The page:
About twenty years ago , while I was still living in Hawaii, my friend and I bought tickets to the Honolulu Film Festival.  In what turned out to be a really bad decision, I opted out of one of the evenings and my friend went alone. Being  a gregarious type, he struck up a conversation with the couple next to him, who turned out to be Roger Ebert and his gorgeous stewardess girlfriend. They invited him to a party after the film,  with the kind of friendliness that is so typical of Chicago people.

Years later, it was hard to watch the cancer take its toll but Roger Ebert didn’t let a little thing like losing his voicebox deter him from his purpose in life. He carried on with artificial voices and surrogates.  He never quit working.  He retained the rights to the “thumbs up, thumbs down” routine and few of us will ever hear those words without thinking of this extraordinary man.  Roger Ebert, dead at 70. May he rest in peace.

Hiatus- I have to spend a couple of weeks in Florida for family reasons. If the gators, sinkholes and pythons don’t get me, I will see you in a couple of weeks. Enjoy the rest of April!

“The Best of the North Coast”- really?

Where's my room??

Where’s my room??

Everyone loves lists, and I’m sure the North Coast business community pays close attention to the Times-Standard’s annual “Best of the North Coast” supplement that was just  published.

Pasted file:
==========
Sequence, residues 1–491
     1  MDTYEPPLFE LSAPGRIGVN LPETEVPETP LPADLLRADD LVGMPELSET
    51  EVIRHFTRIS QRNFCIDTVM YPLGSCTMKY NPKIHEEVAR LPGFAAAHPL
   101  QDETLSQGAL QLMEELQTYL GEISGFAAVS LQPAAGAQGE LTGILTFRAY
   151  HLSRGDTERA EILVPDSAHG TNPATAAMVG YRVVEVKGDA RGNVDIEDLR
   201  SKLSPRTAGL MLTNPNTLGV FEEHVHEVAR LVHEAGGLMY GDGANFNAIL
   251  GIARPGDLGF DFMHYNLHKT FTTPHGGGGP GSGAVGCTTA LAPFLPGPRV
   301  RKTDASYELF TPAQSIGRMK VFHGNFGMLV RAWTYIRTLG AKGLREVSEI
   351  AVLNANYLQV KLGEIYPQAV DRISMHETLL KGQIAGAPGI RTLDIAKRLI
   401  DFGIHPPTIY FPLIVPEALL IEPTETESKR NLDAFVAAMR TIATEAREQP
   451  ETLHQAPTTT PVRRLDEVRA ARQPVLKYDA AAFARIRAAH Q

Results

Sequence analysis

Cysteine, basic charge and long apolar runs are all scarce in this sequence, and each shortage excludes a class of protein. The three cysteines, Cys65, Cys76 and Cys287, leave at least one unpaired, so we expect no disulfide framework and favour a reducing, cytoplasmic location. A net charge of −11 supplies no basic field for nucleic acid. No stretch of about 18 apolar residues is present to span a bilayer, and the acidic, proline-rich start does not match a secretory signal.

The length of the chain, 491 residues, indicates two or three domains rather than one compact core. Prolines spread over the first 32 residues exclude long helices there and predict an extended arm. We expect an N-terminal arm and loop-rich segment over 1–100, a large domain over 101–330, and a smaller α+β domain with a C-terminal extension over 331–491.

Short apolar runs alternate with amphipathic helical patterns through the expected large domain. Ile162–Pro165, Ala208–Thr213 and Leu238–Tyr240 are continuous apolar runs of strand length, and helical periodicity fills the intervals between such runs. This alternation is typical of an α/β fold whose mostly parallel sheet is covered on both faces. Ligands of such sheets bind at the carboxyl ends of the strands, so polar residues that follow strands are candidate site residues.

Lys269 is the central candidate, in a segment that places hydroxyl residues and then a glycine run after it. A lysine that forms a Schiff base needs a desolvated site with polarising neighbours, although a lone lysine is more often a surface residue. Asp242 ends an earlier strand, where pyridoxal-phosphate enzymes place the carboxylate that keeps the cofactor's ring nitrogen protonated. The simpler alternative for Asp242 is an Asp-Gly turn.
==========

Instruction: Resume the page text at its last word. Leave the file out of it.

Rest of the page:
I find the list fascinating but everyone wonders the same thing: do these choices really reflect public opinion or is this more like when you were running for prom king or queen in high school and you had to go around and get your friends to vote for you.  Do the winners really represent “the people’s choice” or do they merely reflect organized campaigns in which employees and friends are “reminded” to cast their ballots? The editor states that “We hand-counted thousands of votes”.  I wonder why, the next time they do this, couldn’t they publish the actual counts? Then we’d know if the Kabob Cafe won the title “Best Place for a Business Lunch” by a margin of 3 votes or 40.  That was one of the weirder choices, to me. I love their food but I can’t see having a business lunch there, not if you need privacy.

Their winner in the “Hotel” category was very strange.  They listed the Holiday Inn at 2223 4th Street in Eureka although that property has been a Clarion for at least twelve years and the pleasant ladies at the front desk informed me there are no plans to revert to Holiday Inn status. Even more bizarre, they included, as a winner, the construction site on Broadway and Wabash where a Holiday Inn IS under construction but I find it hard to believe that it garnered votes as anyone’s favorite place to stay, considering there’s no roof yet.  Still, when you’re “hand counting thousands of votes” I suppose a few anomalies slip in.

I was pleased to see that a few of my favorite establishments were recognized.  The AA does have the best steaks, Hole in the Wall does have the best sandwiches, C&C Market does do a remarkable job of catering and McCrea Nissan where I have received the best service in my experience was honored, although paired with Mid-City Motors where I received the worst.  They shouldn’t  have categories where there are only one or two providers. St. Joseph’s vs  Mad River?  Apples and oranges.

Anyway, thanks to the Times-Standard for the supplement, which I always save for incoming visitors. Next year, let’s see the actual counts.  Might be interesting.